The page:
Our starting small forward is long, athletic and but raw. He can defend at times, but is better as a help than the first guy one-on-one defender. Great leaping ability gives him the ability to block shots, but most of the time he fails in this because he doesn't have the smarts to be in the right position at the right time. Settles for jump shots despite athleticism that enables him to drive and hit higher percentage shots. We often find him missing his man, and has been criticizing for not taking the game seriously enough. Sounds familiar, huh?

Jamario Moon is a rookie, but he's also 27 years old so that eliminates the upside. He's our starting small forward and I'd venture to say that he likely doesn't start on 95% of the teams in the league.

Comparing him to the top small forwards in the league, you see right away where Toronto needs the most help in. Tayshaun Prince, Paul Pierce, Lamar Odom, Bruce Bowen. No comparison. What about Rashard Lewis, Josh Childress, Caron Butler, Andre Iguodala, Lebron James, Carmelo Anthony, Josh Howard, Peja Stojakovic, Kyle Korver, Boris Diaw, Shane Battier. Where does Moon rank? #16 and only because we made the playoffs. I can think of a few other guys better than him who didn't make the playoffs -- Gerald Wallace, Rudy Gay, Ron Artest, Vince Carter, Luol Deng just to name a few. The reality is that he is one of the worst starting SFs in the entire league.


Chris Bosh is our only feature player. Some teams have 2-3 star players. We have 1. The power forward position is likely the only position where I can honestly say we have one of the top guys available. While every other position is questionable, at PF I am happy.

Amongst the best teams - Vladimir Radmanovic (Pau Gasol if Bynum were healthy), Rasheed Wallace, Tim Duncan, Kevin Garnett. Some argument can be made that Bosh deserves to be mentioned amongst these guys. David West, Dirk Nowitzki, Kenyon Martin, Reggie Evans, Joe Smith, Amare Stoudamire, Carlos Boozer, Luis Scola, Josh Smith, Antawn Jamison, Hedo Turkoglu. Bosh is definitely amongst these guys. Some of them are better rebounders but they can't score like Bosh can. He has an uncanny ability to take it to the rack and draw the foul, something I believe he needs to do a whole lot more rather than settle for jump shots. There aren't many big men with his free throw shooting ability.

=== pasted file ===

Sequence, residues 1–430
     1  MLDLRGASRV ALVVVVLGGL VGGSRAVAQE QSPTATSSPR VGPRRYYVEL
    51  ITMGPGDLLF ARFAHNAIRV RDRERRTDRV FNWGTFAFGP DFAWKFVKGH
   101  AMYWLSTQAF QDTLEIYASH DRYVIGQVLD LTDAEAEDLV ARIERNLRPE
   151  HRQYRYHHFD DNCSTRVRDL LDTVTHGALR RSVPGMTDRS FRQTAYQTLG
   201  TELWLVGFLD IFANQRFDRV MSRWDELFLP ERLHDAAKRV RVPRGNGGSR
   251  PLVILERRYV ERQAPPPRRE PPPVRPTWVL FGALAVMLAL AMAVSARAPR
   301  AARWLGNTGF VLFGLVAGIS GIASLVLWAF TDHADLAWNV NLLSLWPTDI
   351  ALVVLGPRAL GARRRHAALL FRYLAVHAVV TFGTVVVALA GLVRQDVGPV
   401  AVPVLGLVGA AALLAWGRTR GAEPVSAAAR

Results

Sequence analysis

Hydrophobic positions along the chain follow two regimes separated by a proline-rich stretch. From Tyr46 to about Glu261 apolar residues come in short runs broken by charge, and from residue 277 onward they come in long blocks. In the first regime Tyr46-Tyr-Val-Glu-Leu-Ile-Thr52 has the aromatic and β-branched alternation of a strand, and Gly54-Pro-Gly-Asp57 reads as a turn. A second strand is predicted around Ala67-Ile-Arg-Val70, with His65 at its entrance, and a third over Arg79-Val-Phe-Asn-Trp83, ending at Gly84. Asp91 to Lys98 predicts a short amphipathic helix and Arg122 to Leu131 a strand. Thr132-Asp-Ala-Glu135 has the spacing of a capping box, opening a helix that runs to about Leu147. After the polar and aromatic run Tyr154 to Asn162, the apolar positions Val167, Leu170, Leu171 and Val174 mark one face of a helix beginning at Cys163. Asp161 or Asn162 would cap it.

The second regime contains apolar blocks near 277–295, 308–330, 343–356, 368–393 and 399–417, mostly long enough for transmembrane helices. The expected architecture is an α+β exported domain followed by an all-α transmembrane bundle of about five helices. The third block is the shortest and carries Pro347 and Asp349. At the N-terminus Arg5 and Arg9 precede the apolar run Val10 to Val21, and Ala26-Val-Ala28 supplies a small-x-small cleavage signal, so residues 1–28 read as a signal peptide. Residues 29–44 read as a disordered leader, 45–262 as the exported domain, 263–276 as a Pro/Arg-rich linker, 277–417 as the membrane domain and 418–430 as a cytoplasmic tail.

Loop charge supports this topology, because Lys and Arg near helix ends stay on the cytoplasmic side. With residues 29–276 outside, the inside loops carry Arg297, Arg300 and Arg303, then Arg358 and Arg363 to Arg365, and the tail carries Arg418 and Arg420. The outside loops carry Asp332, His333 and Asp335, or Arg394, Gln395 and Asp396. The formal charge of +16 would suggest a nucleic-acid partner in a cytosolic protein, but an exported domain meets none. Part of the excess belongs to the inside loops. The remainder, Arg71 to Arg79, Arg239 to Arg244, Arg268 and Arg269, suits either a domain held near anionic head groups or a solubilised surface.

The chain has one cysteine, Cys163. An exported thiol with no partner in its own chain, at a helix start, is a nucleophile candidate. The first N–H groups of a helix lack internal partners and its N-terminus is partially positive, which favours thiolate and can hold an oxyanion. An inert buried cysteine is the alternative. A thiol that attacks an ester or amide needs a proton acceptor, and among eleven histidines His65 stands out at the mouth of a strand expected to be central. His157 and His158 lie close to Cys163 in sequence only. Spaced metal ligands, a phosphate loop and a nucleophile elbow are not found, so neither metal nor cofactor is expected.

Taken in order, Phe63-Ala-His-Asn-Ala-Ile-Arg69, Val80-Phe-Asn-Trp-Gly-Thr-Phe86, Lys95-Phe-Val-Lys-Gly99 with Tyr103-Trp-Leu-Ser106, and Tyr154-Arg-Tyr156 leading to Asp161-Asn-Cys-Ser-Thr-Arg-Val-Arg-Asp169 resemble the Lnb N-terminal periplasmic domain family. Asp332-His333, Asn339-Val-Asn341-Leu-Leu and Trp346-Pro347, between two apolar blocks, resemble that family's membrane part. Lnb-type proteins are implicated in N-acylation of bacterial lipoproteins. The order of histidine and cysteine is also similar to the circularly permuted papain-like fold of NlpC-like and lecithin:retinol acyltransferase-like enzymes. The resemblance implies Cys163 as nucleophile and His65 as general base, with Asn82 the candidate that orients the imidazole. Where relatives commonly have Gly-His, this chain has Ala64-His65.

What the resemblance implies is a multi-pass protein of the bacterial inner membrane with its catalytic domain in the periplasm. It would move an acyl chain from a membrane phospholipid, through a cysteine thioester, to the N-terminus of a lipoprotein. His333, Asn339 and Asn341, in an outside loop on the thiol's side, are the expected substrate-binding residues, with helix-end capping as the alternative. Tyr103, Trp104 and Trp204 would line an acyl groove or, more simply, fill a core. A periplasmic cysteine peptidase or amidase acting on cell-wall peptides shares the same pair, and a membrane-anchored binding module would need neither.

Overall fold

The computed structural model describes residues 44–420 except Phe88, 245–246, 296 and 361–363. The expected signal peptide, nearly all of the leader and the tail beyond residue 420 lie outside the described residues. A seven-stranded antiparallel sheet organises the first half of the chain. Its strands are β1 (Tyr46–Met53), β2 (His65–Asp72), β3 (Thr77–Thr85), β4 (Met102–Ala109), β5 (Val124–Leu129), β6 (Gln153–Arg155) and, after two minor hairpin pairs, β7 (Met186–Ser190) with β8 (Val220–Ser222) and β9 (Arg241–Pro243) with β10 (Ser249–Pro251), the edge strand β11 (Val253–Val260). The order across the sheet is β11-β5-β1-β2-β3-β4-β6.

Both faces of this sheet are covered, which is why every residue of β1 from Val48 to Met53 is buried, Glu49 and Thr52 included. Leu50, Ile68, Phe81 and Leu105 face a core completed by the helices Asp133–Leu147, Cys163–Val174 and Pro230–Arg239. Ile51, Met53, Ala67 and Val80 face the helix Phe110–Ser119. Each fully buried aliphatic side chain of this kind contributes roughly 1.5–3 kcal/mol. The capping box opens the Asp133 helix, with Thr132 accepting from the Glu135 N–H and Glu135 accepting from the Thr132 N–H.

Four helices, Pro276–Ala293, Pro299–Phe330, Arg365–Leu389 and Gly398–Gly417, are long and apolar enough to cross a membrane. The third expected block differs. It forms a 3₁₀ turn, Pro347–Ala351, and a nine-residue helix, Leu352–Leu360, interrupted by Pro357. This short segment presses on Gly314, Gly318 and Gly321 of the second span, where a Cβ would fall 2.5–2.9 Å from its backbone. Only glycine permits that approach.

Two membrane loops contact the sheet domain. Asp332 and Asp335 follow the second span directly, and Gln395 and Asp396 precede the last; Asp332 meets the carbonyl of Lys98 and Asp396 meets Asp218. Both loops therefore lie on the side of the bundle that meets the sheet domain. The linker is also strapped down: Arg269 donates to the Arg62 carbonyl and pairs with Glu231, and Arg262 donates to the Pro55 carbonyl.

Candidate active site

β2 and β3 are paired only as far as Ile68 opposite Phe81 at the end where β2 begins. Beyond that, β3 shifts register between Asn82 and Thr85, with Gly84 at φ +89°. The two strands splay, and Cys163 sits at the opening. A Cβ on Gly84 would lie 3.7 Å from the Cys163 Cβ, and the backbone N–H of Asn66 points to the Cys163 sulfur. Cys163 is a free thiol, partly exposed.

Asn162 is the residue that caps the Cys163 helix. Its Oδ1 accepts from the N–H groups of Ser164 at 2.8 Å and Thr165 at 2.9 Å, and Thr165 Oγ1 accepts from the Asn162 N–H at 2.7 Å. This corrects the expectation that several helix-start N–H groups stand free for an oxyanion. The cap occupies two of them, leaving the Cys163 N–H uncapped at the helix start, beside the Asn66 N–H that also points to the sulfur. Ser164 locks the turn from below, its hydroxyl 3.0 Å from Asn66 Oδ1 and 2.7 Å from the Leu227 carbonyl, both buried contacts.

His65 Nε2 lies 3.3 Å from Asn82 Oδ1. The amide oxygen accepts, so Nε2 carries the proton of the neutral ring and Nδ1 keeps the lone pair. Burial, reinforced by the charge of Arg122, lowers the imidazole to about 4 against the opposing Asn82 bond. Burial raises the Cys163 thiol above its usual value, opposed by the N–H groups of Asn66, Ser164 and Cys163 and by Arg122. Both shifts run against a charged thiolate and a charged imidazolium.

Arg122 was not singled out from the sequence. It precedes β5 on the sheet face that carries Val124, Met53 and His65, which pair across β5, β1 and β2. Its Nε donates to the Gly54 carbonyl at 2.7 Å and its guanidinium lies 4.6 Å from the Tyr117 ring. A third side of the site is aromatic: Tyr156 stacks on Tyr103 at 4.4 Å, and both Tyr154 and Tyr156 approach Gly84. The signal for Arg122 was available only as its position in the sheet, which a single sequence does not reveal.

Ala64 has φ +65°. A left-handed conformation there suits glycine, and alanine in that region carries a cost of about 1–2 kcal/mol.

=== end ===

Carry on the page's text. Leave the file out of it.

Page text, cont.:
At PF we're right around 7th or 8th overall.


Despite approximately $20M invested in big men to play the center position, we do not have a single guy who is the #1 clear-cut starter and this very unfortunate. Bargnani has gotten considerable time here because he needs the time to learn to play the position. Rasho performed great for us down the stretch in the regular season, but as he's done throughout his career, he completely disappeared in the playoffs.

However, all is not lost. If history has proven anything, you don't need a big time center to win championships unless his name is Shaquille O'Neal (and he's not 150 years old).

Looking at the top teams' big man position, Antonio McDyess, Kendrick Perkins, Pau Gasol (or Andrew Bynum), Fabricio Oberto all shed some light on just how badly a great C is needed. Al Horford, Dwight Howard, Samuel Dalembert, Brendan Haywood, Shaquille O'Neal, Zydrunas Ilgauskas, Tyson Chandler, Dikembe Mutombo (Yao Ming), Erick Dampier, Marcus Camby, Mehmet Okur. All these guys are hands down better than any of ours. But if there's something we can take from this listing is that none of these guys are required to be the highest scoring player on their respective teams, and that the worst rebounder was Erick Dampier at 4.2 rebounds per game.

Our highest rebounding C in the playoffs was Rasho Nesterovic at 2.6.

Amongst the centers in the league, the Raptors are amongst the worst, and dead last amongst their playoff counterparts.

You can forget about bench. Starters play approximately 80% of the minutes, so even with a great bench, you're only winning 20% of the time. Certainly a bench helps, but this should not be a concern until after you've establish your championship calibre starting squad.

The Raptors have a long, long way to go.